Saturday, 27 August 2011

Mangalore Diary: In praise of senior Bharatanatyam exponent Jayalakshmi Alva - Dr. Sunil Kothari

After her marriage, Jayalakshmi Alva moved to Mumbai from Ahmedabad (where she taught at Darpana) teaching several young dancers at Bhulabhai Institute including Sonal Mansingh (nee Pakvasa) and Maya Kulkarni. I used to attend her classes. Thanks to Prof. Mohan Khokar who had informed me about her being a disciple of Guru Dandayudhapani Pillai, her solid training and brilliant nattuvangam, I enjoyed meeting her and learning more about Kuravanji, dance-drama form, and her method of training young dancers without any compromise. She was quite strict, but also affectionate and proud of what she had inherited as art from her mentor.

Jayaben used to conduct nattuvangam for Sonal and Maya and ah, what riyaz they used to do. Bhulabhai Institute at that time was the meeting place of Pandit Ravi Shankar, painters MF Hussain, Dashrath Patel, Gaitonde and others. Soli Batliwala, trustee of Bhulabhai Institute, assisted dancers, musicians and painters. Can you believe, the institute used to charge painters rupee one only per day as rent for letting them use the studios there! Dancers practiced downstairs. The terrace theatre had performances of dance and music. Those were the halcyon days in Mumbai for performing arts. 

Roses & Thorns - Regarding some fake teachers - A concerned parent

My daughter took Bharatanatyam lessons from this teacher. She claimed to have learned dance from someone in Kerala. The classes went ok. But when my daughter started performing we got comments like the style, poses and the mudras were all wrong. This went on for some time, because we couldn't or didn’t know what to do. We are not from the dance background.

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Monday, 22 August 2011

General posting - August 2011

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Narthaki Teram

The Chandrasekhars - Lalitha Venkat

CV Chandrasekhar is a multi-faceted personality being a dancer, choreographer, researcher, musician, academician, composer and highly acclaimed teacher of Bharatanatyam.  He has been performing for the past six decades in India and all over the globe and is invited by many dancers the world over to teach and to choreograph.  His presentation of Bharatanatyam technique is at its finest and continues to be an inspiration for all dancers.  He has a number of music and dance compositions to his credit and his dance dramas have been highly acclaimed for their individuality and innovative approach.  

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Sunday, 14 August 2011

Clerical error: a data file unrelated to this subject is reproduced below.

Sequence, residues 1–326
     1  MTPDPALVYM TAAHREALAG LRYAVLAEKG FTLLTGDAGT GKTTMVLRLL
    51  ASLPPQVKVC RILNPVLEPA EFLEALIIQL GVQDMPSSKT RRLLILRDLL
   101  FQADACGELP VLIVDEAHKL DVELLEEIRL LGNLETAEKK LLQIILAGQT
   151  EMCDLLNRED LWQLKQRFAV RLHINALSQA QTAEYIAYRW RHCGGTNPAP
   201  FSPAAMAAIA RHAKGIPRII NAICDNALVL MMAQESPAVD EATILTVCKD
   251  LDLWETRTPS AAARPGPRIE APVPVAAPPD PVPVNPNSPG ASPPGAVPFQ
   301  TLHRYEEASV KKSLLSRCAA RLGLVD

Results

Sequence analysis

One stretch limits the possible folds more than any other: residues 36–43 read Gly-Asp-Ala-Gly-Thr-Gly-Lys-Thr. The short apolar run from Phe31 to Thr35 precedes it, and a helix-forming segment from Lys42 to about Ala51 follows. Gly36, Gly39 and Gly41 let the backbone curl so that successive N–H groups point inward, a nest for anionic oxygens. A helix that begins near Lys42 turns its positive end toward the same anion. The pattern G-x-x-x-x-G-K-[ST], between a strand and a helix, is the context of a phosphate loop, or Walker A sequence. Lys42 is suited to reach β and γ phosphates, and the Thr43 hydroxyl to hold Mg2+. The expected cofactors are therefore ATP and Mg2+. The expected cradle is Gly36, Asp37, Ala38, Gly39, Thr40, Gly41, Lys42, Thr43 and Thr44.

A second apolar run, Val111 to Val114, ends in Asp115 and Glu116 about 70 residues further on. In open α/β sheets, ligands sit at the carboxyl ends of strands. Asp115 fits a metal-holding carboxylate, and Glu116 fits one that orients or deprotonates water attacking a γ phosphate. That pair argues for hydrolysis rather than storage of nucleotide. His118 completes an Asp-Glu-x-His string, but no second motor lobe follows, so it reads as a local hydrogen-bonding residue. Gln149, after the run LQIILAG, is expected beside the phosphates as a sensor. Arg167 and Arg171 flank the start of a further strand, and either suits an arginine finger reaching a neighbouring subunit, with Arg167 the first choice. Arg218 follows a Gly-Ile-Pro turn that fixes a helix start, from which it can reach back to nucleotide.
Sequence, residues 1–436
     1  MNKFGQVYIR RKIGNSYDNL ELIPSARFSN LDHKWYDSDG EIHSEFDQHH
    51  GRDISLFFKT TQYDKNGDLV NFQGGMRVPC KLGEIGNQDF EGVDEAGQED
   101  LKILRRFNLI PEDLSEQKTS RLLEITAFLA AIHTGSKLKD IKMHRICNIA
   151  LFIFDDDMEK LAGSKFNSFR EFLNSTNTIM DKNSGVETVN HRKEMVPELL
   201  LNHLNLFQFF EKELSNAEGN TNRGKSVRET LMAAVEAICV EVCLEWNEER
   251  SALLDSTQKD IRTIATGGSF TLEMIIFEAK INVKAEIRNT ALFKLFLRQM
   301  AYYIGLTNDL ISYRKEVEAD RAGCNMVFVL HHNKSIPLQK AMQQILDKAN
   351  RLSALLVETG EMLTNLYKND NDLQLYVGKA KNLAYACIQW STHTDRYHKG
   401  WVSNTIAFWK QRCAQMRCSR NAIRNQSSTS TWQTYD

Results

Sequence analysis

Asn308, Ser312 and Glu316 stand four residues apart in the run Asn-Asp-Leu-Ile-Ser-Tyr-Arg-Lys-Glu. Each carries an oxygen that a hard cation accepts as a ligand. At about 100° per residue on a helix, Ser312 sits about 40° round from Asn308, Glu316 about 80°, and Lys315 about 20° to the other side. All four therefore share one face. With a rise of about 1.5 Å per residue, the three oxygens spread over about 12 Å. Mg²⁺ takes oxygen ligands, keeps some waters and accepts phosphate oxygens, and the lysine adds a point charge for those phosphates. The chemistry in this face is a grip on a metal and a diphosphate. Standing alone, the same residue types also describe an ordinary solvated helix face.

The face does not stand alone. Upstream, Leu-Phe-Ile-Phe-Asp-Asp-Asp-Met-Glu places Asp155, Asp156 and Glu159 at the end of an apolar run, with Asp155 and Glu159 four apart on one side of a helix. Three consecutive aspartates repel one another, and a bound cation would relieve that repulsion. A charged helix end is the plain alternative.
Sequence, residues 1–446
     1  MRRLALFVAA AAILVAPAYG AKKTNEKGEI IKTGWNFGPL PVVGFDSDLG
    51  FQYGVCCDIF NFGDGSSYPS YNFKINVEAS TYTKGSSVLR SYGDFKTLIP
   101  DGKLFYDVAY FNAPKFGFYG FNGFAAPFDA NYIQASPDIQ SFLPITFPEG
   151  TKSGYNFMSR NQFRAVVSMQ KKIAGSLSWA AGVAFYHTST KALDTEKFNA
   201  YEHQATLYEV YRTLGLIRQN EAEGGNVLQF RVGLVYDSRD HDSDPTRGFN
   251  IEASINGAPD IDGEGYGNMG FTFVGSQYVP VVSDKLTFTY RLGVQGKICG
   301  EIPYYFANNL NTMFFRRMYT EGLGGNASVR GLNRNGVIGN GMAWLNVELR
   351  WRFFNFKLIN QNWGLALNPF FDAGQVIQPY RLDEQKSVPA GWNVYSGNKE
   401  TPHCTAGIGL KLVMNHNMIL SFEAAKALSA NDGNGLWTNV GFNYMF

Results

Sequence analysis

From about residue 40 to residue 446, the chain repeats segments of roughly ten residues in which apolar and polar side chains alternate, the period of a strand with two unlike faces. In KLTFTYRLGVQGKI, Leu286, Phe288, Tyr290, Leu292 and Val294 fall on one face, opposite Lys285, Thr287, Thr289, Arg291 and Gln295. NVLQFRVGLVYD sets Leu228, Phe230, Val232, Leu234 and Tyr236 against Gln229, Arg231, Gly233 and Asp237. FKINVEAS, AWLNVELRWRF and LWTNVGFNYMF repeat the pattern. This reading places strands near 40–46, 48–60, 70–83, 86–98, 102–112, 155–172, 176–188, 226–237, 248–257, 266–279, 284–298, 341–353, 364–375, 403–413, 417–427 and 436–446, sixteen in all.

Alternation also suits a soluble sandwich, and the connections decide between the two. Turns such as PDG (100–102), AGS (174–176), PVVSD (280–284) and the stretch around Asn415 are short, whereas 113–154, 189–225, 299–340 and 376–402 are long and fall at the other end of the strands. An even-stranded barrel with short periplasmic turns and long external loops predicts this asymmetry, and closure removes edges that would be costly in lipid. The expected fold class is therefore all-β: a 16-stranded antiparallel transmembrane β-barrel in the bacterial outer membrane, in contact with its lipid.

The Mohan Khokar Dance Collection A century of Indian dance: 1901-2000 - Dr. Sunil Kothari

At the Habitat Gallery, New Delhi, this unique exhibition was mounted by Ashish Khokar, son of late Prof Mohan Khokar from 17th till 24th July 2011. It was inaugurated by Dr. Karan Singh, President of Indian Council for Cultural Relations, which had sponsored it and they have published a catalogue, edited by Ashish Khokar which indeed is a collector’s item. As a matter of fact, after the exhibition is over one browses through the catalogue again and again and relishes the rare photographs and several items which constitute Mohan Khokar’s mind-boggling collection. Several dignitaries participated in inaugurating several galleries as devised by Ashish and a veritable ‘who is who ‘of Indian dance attended the opening which indeed spoke volumes for dancers’ and aficionados’ affection for Mohan Khokar and respect for his efforts to document the history of Indian dance dating back to 1850!

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Wednesday, 10 August 2011

Roses & Thorns - Bharatanatyam for sale - Concerned Artists from India and North America

There is a disturbing and growing trend of exploiting Bharatanatyam artists from India when they come to teach in North America. We have heard of several incidents when the artist from India discusses the terms of the teaching work involved and the amount to be paid over the phone with teachers of Bharatanatyam located in the US and in Canada. Sadly enough, the verbally agreed upon terms are often violated in terms of the artists from India being made to work inordinately long hours, and often held in limbo without any payment at all until the end of their time with a specific teacher. Worse still, at times, the US or Canada-based teachers back out of the payment altogether citing that the artist’s work was not satisfactory; this is often articulated only after the India based artist has provided much time, energy and labor with two to three weeks of teaching.
To that effect, in consultation with legal counsel, we suggest a set of “best practices” that both artists and teachers who hire them would be well advised to.....

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